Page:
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FROM THIS EPISODE

This is Celia Hirschman with On the Beat for KCRW.

Singer, songwriter, musician and activist John Mellencamp has written an interesting commentary in the Huffington Post about the decline of the American record business. He makes the point that in the past, artistry and recognition were elements built up from the street - musicians created a strong local following, often in their own towns, which in turn, became the basis for their growing popularity. Local labels recognized the local talent and the media followed the interest brewing in their own markets, to build a lasting foundation for bands' growing careers. In later years, major labels acquired the local labels and while the big guns had a fiduciary responsibility to their stockholders, they completely forgot the essence of what made their business work - bands building popularity from the local market up, was the key to success.

Now, with a broken business model, Mellencamp accurately assesses, it's “every man for himself.”

One band that is bringing a local perspective into living rooms everywhere is The Allman Brothers.

Every year, at the start of spring, The Allman Brothers set up a residency at The Beacon Theater in New York City. The band has played over 179 shows there. Band and venue loyalty has brewed a certain type of cult following that has created an indelible association between the two, like James Brown and the Apollo, and The Ramones and CBGB's. This year not only marks the twentieth anniversary of The Beacon Run in New York but also the fortieth anniversary of the formation of The Allman Brothers. There are fifteen different shows of the band at The Beacon. Each show has a different set list and the band has added different guest performers each night, including Eric Clapton, Taj Mahal, Sheryl Crow, Buddy Guy and members of the Grateful Dead.

Derek Trucks of The Allman Brothers figured out a way for fans see the shows, even if they couldn't come to the Beacon. Dedicated Allman Brothers fans can go to the newly launched site Moogis.com (that's m-o-o-g-i-s) to watch each of the band's shows at The Beacon Theater. For $125, fans get a front row seat in high fidelity to each of the fifteen Beacon Anniversary shows. Users of Moogis are thrilled with the results. It's gotta be the next best thing to being there.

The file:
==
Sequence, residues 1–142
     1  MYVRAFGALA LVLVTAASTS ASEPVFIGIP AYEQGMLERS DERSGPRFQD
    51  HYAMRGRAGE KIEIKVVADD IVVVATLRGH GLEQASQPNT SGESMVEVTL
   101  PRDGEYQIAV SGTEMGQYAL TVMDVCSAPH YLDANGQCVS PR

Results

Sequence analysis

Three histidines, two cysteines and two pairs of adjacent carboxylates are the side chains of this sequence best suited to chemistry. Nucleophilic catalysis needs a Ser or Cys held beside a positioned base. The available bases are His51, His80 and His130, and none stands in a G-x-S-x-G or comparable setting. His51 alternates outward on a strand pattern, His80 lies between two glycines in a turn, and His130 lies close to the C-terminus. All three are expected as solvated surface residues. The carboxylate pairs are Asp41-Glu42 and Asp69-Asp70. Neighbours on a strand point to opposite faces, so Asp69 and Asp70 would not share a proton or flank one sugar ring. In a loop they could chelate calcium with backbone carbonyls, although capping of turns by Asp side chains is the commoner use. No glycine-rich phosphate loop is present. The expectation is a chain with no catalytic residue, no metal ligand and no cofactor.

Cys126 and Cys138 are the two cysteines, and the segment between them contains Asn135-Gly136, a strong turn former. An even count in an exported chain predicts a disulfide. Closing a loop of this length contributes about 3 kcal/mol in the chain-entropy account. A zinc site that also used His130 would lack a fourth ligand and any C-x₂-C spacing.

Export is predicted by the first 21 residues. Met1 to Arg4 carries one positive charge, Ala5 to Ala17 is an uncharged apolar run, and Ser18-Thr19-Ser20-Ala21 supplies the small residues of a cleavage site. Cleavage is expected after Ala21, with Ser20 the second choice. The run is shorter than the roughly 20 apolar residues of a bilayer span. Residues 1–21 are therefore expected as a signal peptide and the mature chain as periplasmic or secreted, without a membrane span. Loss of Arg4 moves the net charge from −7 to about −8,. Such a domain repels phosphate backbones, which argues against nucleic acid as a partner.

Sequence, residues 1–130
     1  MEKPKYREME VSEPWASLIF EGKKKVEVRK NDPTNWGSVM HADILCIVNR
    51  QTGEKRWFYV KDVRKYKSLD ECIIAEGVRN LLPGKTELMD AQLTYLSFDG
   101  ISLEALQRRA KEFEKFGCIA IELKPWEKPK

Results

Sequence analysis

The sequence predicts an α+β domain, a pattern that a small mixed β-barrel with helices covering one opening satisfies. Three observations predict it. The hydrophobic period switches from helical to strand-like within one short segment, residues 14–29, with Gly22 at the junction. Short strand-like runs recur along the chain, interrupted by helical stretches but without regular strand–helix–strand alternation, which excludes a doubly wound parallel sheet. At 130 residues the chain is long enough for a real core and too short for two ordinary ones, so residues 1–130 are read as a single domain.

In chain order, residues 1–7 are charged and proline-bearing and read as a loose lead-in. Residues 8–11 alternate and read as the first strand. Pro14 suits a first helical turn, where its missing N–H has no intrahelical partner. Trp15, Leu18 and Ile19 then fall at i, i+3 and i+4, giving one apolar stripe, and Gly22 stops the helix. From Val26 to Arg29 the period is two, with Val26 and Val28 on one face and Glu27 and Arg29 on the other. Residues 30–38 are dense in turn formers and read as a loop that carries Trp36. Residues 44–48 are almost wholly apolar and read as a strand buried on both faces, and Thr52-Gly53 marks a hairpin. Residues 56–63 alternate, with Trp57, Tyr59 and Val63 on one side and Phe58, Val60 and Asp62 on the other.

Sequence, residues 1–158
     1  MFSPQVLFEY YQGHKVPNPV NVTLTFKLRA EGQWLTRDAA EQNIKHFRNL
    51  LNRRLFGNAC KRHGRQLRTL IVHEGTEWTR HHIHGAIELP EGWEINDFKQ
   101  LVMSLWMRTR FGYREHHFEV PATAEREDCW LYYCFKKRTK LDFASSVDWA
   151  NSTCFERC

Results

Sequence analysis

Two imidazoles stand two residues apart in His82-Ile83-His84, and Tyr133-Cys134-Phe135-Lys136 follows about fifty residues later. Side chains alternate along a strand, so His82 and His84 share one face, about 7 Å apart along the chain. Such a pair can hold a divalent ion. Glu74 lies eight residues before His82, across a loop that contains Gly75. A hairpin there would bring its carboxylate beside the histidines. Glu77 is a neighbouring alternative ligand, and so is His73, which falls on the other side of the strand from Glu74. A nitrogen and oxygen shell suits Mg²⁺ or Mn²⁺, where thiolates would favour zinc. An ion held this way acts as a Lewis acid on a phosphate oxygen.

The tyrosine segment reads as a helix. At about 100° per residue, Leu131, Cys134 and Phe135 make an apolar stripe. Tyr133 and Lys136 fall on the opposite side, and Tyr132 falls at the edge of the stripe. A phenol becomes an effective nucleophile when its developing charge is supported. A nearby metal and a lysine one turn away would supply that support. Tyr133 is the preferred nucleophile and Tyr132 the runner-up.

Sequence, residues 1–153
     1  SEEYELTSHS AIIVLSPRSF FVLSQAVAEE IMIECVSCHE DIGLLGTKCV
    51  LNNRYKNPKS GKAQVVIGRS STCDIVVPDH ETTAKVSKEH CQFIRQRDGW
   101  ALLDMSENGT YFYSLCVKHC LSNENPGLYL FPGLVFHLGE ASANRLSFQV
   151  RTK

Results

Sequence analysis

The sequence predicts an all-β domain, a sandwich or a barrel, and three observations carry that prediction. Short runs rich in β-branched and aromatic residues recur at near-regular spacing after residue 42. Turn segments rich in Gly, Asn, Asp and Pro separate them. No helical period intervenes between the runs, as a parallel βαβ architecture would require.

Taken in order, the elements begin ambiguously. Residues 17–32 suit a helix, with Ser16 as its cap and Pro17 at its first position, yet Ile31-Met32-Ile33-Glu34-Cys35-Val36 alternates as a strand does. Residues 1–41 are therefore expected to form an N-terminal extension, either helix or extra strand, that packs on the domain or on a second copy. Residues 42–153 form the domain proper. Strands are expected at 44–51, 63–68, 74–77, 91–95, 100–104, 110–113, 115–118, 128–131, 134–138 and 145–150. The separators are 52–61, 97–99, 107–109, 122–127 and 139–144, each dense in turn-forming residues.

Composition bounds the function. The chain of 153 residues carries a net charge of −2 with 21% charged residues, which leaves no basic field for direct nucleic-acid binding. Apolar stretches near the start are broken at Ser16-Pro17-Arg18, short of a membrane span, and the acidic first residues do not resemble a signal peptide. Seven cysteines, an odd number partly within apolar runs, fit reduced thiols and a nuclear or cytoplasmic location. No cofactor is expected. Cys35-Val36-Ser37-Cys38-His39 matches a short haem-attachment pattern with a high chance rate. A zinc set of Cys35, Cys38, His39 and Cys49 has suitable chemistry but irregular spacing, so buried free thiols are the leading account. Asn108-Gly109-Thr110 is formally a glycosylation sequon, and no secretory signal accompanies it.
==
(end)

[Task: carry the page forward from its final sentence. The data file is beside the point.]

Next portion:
And for the bands who want to reach their fans, but don't have forty years of experience to do it, good old fashioned digital marketing is still the best way to connect the dots. Top Spin, a digital marketing company, has created tools to help bands develop their fan base. It all really Marketing 101, but in a digital form, using widgets and drivers to find and meet consumers. Top Spin believes the bands of tomorrow begin today, so they've partnered with the Berkelee School of Music to teach bands, managers and agents how to market effectively, using the Top Spin model of course.

Bands and artists willing to be the marketing agents for themselves stand the best chance of longevity. But in reality is, regardless of whatever marketing spin they use, outstanding live talent is the greatest marketing tool of all.

This is Celia Hirschman with On the Beat for KCRW.


Banner image: The Allman Brothers Band live at the Beacon Theatre, March 9, 2009. Photo: David Atlas

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